# Terms of trade

In international economics and international trade, terms of trade are the ratio of the price of an export commodity(s) to the price of an import commodity(s). "Terms of trade" are sometimes used as a proxy for the relative social welfare of a country, but this heuristic is technically questionable and should be used with extreme caution. An improvement in a nation's terms of trade is good for that country in the sense that it has to pay less for the products it imports, that is, it has to give up less exports for the imports it receives.

## Two country model

In the simplified case of two countries and two commodities, terms of trade is defined as the ratio of the price a country must pay for its import commodity to the price it receives for its export commodity. In this simple case the imports of one country are the exports of the other country. For example, if a country exports 100 dollars worth of export product in exchange for 50 dollars worth of imported product, that country's terms of trade are 100/50 = 2. The terms of trade for the other country must be the reciprocal (50/100 = .5). When this number is falling, the country is said to have "deteriorating terms of trade". If multiplied by 100, these calculations can be expressed as a percent (200% and 50% respectively). If a country's terms of trade fall from say 100% to 70% (from 1.0 to .7), it has experienced a 30% deterioration in its terms of trade. When doing longitudinal (time series) calculations, it is common to set the base year to 100% to make interpretation of the results easier.

## Multi-commodity multi-country model

In the more realistic case of many products exchanged between many countries, terms of trade can be calculated using a Laspeyre's index. In this case, a nation's terms of trade is the ratio of the Laspeyre price index of exports to the Laspeyre price index of imports. The Laspeyre export index is the current value of the base period exports divided by the base period value of the base period exports. Similarly, the Laspeyres import index is the current value of the base period imports divided by the base period value of the base period imports.

[itex]{{p_x^c\, q_x^0}\over{p_x^0\, q_x^0}}

\left/ {{p_m^c\, q_m^0}\over{p_m^0\, q_m^0}}\right.[itex]

Where

[itex]p_x^c=\mbox{price}\ \mbox{of}\ \mbox{exports}\ \mbox{in}\ \mbox{the}\ \mbox{current}\ \mbox{period},[itex]
[itex]q_x^0=[itex] quantity of exports in the base period
[itex]p_x^0=[itex] price of exports in the base period
[itex]p_m^c=[itex] price of imports in the current period
[itex]q_m^0=[itex] quantity of imports in the base period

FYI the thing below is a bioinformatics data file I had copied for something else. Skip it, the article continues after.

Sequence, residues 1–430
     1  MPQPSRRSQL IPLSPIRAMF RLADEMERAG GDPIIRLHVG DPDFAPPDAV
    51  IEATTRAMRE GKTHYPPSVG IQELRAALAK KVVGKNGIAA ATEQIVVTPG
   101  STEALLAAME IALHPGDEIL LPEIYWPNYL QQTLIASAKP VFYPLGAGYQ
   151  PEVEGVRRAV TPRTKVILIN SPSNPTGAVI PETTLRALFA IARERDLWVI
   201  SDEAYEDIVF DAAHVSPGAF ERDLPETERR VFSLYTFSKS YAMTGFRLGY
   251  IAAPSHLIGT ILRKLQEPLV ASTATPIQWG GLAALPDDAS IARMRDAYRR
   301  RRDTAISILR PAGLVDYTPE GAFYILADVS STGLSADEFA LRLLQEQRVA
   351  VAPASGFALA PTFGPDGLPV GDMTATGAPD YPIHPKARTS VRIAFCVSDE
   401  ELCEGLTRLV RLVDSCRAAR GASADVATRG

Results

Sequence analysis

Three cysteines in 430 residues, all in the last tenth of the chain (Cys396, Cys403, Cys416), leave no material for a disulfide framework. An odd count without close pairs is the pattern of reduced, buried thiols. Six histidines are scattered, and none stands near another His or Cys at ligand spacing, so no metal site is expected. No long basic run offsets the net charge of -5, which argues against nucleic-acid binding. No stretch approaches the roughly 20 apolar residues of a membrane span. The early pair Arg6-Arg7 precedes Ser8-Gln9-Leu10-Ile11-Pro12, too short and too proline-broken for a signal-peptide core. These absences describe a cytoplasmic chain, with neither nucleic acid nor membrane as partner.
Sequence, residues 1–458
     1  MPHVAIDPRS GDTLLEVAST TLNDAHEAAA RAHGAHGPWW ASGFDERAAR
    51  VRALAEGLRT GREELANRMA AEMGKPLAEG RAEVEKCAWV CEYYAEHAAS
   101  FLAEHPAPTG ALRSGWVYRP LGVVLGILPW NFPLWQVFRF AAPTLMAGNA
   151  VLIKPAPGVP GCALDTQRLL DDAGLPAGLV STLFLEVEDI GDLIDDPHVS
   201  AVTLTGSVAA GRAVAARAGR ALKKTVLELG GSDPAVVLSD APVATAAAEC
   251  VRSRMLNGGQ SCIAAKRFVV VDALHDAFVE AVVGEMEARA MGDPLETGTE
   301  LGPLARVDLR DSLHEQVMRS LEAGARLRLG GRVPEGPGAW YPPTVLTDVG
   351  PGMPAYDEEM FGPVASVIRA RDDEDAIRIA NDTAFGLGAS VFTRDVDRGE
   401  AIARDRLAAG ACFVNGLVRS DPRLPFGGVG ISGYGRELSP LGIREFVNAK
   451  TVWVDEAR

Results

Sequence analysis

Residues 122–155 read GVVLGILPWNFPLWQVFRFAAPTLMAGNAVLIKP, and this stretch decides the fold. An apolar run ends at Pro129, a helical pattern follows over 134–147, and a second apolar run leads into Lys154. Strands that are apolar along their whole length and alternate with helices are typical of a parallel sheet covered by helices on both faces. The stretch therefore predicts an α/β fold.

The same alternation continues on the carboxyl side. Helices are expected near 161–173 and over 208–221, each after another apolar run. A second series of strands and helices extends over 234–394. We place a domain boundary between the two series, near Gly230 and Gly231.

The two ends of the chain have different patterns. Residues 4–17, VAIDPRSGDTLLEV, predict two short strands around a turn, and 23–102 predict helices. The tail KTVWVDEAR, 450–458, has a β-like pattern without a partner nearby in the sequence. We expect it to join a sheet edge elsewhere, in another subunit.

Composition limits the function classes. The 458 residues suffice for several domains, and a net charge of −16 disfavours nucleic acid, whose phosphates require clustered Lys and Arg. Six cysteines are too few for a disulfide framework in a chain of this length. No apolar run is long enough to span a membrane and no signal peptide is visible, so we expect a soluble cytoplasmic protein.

[itex]p_m^0=[itex] price of imports in the base period

## Other terms-of-trade calculations

1. The net barter terms of trade is the ratio (expressed as a percentage) of relative export and import prices when volume is held constant.
2. The gross barter terms of trade is the ratio (expressed as a percent) of a quantity index of exports to a quantity index of inputs.
3. The income terms of trade is the ratio (expressed as a percent) of the value of exports to the price of imports.
4. The single factorial terms of trade is the net barter terms of trade adjusted for changes in the productivity of exports.
5. The double factorial terms of trade adjusts for both the productivity of exports and the productivity of imports.

## Limitations

Terms of trade should not be used as synonymous with social welfare, or even Pareto economic welfare. Terms of trade calculations do not tell us about the volume of the countries' exports, only relative changes between countries. To understand a county's social utility changes, it is necessary to consider changes in the volume of trade, changes in productivity and resource allocation, and changes in capital flows.

In the real world of over 200 nations trading hundreds of thousands of products, terms of trade calculations can get very complex. The possibility of errors is significant.

## References

• Bhagwati, J. (1959) Growth terms of trade and comparative advantage, Economia Internazionale, 1959.
• Dorrance, J. (1948) The income terms of trade, Review of Economic Studies, 1948-49.
• Krueger, A. and Sonnenschein, H. (1967) The terms of trade, the gains from trade, and price divergence, International Economic Review, vol 8-1, February, 1967, pp. 121-127.de:Terms of Trade

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